Google testing new dark mode: yellow links, actual black background

Google testing new dark mode: yellow links, actual black background
Google's search results page is arguably the most visited webpage in the world. Due its huge popularity and instant recognition value, Google has been reluctant to change its core appearance. Most of the visual elements of the results page have remained intact for more than two decades.

But as we found out recently, Google is now conducting a limited test on handful of users that would change one very specific thing on its search results page: the link colors.

Company has kept the results' colors in "standard webpage blue" since the searvh itself was launched, back in 1990s.

But with the new limited dark mode test, Google has changed the link color for results from that good olde blue to pale yellow.

Additionally, the new test version dark mode uses completely black background; the widely used dark mode version has "very dark gray" instead of real black as its background.

The change makes sense, as OLED displays become more popular even on desktop PCs. If the pixel is completely black, OLED display keeps that pixel totally switched off - thus, saving energy. But if the pixel is somewhat colored, even with very dark gray, the pixel has to be lit. So, a dark mode that is completely black§ saves energy for users using OLED or AMOLED displays.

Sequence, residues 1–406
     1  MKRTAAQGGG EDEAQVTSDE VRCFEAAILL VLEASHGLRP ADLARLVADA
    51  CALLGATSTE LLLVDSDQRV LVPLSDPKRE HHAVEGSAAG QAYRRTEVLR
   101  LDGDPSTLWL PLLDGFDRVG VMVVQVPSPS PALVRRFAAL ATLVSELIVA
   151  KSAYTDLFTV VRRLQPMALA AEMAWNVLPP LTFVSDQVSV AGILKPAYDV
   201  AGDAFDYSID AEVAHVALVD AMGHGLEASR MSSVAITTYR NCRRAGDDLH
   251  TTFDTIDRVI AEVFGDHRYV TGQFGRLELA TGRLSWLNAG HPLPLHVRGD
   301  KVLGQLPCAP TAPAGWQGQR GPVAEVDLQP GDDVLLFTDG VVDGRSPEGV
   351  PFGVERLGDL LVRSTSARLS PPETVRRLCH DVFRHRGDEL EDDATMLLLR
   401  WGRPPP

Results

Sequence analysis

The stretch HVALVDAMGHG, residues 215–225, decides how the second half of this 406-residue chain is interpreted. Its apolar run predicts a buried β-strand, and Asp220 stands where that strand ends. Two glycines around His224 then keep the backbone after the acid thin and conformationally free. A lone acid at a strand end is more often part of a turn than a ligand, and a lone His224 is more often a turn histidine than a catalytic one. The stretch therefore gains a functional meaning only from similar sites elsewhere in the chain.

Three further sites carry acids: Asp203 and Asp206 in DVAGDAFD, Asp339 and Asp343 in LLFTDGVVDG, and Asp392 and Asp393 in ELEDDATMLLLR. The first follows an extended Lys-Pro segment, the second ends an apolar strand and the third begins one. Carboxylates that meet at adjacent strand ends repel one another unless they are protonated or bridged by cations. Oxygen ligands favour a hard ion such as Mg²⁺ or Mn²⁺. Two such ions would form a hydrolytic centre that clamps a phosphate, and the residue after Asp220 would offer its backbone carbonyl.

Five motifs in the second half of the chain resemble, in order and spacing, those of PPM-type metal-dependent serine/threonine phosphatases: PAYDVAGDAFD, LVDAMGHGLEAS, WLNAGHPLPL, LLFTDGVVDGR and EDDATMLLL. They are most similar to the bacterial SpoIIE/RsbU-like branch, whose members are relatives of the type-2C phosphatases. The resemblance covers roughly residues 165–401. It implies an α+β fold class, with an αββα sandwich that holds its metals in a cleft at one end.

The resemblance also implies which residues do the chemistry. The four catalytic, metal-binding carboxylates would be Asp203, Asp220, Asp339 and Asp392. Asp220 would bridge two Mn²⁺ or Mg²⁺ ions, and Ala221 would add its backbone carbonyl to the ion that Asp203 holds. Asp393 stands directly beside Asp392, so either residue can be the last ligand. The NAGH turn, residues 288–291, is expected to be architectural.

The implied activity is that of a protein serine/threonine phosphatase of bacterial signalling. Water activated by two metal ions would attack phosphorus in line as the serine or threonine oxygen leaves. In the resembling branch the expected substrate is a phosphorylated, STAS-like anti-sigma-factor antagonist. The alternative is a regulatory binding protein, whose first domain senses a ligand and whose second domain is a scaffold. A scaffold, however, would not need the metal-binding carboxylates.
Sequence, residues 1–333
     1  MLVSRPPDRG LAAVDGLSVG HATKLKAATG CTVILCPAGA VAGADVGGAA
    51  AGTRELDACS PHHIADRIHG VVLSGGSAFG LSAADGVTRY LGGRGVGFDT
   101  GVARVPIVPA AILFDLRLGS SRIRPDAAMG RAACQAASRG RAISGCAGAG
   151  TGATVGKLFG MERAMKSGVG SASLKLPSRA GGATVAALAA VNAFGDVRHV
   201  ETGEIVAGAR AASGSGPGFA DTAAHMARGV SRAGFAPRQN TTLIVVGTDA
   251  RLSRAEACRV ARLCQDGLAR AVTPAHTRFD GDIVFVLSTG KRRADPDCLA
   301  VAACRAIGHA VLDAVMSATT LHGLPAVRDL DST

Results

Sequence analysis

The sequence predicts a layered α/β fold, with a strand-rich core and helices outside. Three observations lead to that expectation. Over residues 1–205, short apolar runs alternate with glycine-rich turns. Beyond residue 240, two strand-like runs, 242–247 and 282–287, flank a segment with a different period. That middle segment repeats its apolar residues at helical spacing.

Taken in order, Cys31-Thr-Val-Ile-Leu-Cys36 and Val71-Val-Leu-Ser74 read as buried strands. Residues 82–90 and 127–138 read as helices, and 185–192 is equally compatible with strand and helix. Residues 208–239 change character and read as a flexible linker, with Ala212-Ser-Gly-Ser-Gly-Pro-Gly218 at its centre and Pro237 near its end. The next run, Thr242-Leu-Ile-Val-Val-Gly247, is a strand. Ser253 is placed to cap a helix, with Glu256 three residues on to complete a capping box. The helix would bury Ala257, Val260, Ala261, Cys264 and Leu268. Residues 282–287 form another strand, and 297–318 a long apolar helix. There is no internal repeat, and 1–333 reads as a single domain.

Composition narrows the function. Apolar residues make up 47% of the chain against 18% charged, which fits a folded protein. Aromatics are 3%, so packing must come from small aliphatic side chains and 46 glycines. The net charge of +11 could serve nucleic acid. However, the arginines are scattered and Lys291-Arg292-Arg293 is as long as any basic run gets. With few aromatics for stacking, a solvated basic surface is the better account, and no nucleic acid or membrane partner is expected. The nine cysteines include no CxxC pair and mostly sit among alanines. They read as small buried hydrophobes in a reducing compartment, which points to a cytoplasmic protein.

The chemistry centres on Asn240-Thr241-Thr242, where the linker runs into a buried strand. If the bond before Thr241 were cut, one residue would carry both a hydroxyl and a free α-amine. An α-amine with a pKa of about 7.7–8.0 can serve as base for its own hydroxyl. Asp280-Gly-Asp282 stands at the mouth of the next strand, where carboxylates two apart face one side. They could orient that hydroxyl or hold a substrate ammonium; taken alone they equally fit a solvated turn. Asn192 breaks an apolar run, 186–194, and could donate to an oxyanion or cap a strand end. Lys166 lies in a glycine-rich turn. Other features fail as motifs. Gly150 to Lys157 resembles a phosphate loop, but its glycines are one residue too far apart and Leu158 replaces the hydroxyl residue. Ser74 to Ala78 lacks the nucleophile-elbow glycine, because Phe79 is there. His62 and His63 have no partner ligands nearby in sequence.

And that might explain the trial, too: blue links on black background areb't as readable as yellow ones are. Actually, back in 1970s, when most computers had black background, most computer terminals used either green or yellow text in order to make them more readable.

In our tests, the new yellow/black Google version appeared only on one Windows 10 PC. On that PC, the new design popped up with Edge browser when logged in to Google services, but not in Edge's private mode. And on Chrome (on same PC), only the incognito mode revealed the new design, not the "normal" Chrome mode.

Google is most likely conducting a limited user research on usability and might change the dark mode appearance for everybody if the data they gather supports the decision.

Written by: Petteri Pyyny @ 19 Feb 2022 10:57
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